[Advaita-l] <bhavatitva> and <astitva>: request for help

Vidyasankar Sundaresan svidyasankar at hotmail.com
Sun Nov 19 09:01:53 CST 2006

Dear Sri Jivadas,

That was highly thought-provoking. Between the two poles of being and 
becoming, a reflection on language leads one naturally to the philosophical 

>I have a view that an <Asana> is where one <asti>, but where does one 
><bhavati>? These thoughts arose while I was laboring over a <zloka> from 
>the <mahA-rAmAyaNa-yoga-vAsiSTha>, in the sixth book, the first half of the 

kutra bhavati? svAtmani. kena bhavati? svAtmanA ... Forms of the root bhU 
are not absent in the upanishat texts, when talking of AtmA and brahma, e.g.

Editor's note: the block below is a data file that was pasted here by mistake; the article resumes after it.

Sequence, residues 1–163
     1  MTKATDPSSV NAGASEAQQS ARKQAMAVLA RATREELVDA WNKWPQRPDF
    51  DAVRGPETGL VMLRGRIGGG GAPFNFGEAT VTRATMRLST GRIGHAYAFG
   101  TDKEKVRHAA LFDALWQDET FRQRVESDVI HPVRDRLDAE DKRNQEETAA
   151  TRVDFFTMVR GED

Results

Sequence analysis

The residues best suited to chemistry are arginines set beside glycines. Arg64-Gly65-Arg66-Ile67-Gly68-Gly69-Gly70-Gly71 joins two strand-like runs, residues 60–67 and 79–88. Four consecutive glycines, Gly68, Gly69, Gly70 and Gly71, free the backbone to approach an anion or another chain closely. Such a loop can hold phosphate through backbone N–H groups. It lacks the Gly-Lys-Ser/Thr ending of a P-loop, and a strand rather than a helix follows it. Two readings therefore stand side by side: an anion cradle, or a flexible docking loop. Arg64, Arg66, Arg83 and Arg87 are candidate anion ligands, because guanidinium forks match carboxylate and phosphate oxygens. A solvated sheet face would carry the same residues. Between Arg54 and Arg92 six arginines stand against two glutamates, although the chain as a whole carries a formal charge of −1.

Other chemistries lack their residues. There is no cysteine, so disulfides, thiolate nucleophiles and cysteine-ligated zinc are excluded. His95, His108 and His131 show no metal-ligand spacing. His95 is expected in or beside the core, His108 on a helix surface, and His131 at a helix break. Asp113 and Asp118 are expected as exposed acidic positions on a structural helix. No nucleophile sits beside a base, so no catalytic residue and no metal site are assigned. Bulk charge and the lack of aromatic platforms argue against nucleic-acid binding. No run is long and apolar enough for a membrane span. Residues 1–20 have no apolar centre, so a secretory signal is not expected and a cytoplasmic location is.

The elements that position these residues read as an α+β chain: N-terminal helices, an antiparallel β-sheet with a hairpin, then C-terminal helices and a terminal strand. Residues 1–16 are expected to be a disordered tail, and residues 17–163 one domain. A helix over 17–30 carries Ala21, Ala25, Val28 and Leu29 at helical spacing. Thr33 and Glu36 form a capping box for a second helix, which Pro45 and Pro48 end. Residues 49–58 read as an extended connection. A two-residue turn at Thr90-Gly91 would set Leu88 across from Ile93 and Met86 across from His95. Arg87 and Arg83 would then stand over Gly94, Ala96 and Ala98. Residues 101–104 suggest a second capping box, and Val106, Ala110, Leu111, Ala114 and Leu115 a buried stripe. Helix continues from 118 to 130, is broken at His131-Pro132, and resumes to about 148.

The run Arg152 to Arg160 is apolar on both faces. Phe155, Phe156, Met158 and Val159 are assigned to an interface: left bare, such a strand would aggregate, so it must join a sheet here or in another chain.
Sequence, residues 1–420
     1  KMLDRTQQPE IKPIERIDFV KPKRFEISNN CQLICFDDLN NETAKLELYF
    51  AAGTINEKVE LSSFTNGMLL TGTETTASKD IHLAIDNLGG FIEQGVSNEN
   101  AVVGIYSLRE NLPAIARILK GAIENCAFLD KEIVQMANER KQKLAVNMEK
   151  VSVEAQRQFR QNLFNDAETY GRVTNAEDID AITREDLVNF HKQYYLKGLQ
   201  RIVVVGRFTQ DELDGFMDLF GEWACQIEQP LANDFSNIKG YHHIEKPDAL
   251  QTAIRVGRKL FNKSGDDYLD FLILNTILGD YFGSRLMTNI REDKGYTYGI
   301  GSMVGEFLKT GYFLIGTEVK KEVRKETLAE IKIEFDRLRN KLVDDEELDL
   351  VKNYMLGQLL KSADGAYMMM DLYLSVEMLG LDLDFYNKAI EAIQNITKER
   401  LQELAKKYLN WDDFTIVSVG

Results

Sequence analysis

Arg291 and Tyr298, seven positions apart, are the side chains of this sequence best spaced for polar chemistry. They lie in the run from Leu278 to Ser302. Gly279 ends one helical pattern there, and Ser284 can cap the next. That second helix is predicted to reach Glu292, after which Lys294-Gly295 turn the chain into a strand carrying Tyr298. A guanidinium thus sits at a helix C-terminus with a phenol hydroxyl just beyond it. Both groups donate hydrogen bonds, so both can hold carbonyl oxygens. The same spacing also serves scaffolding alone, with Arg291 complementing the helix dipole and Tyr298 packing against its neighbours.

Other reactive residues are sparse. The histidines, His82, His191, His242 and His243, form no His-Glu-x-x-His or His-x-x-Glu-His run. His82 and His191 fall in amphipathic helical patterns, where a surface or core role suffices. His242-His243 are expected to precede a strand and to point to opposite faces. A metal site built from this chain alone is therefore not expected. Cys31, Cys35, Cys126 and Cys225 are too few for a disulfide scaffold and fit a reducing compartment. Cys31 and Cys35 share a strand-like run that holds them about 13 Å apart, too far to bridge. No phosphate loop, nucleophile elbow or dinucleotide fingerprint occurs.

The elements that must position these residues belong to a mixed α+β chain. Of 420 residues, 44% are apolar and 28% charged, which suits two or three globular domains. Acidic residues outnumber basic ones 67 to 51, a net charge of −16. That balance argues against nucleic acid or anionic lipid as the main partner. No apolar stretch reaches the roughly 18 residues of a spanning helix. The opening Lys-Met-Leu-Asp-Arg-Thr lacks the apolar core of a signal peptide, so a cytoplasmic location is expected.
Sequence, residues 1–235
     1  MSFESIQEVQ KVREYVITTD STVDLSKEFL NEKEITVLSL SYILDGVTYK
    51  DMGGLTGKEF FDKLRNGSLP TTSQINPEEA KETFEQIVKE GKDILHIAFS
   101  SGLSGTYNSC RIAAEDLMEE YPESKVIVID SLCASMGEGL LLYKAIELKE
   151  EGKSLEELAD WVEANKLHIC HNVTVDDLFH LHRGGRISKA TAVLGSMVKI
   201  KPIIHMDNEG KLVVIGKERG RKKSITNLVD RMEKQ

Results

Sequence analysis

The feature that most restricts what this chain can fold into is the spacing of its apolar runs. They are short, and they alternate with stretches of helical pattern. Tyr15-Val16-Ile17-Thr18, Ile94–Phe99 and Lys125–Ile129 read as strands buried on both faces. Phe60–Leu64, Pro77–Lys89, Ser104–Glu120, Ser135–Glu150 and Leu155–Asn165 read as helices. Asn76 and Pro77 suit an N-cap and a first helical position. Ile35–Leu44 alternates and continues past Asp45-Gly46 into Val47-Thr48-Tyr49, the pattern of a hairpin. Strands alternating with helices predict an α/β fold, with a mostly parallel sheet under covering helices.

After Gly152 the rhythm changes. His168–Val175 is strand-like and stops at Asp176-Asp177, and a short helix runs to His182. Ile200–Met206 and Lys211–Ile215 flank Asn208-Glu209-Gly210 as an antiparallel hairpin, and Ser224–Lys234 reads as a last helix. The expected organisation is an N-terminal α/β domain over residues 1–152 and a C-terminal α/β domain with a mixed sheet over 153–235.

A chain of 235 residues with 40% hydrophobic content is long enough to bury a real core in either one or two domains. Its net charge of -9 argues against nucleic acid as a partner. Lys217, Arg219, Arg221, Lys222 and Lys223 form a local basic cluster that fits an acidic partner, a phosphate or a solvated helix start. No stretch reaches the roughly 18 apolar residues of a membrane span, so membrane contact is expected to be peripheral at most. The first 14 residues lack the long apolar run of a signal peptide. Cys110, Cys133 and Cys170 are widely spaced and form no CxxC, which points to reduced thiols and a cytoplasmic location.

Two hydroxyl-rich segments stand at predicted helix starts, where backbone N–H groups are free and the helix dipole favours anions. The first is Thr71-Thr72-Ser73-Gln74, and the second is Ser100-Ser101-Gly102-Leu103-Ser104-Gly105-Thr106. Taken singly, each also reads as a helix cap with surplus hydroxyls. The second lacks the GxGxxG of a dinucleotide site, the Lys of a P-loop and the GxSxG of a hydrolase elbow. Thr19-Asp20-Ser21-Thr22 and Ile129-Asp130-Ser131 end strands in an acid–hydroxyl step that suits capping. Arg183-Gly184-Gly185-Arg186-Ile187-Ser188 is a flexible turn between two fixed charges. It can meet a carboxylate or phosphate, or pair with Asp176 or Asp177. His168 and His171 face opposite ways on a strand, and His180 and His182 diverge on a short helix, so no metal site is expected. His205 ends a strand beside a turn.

brahmaiva bhavati.

Another interesting grammatical fact that points to a close connection 
between forms of root "as" and forms of root "bhU" - there is no clear 
future tense form of the root as. Rather one turns to the root bhU and uses 
only bhavishyati, bhavishyasi, bhavishyAmi as the future tense forms.

Another point with respect to the omission of verbal forms of is/am/are - 
this causes particular problems when translating into English from any old 
language. However, even in English, while you cannot construct a sentence 
without the verb being there explicitly, one can still omit the existential 
verb and place nouns (or noun phrases) in apposition to each other. e.g.

I, Vidyasankar, son of Sundaresan, am a moderator of this list.

which is equivalent to

I, (who am) Vidyasankar, (and who am) the son of Sundaresan, ...

This kind of syntax, even in contemporary English, still retains the form of 
"aham AtmA guDAkeSa ..."


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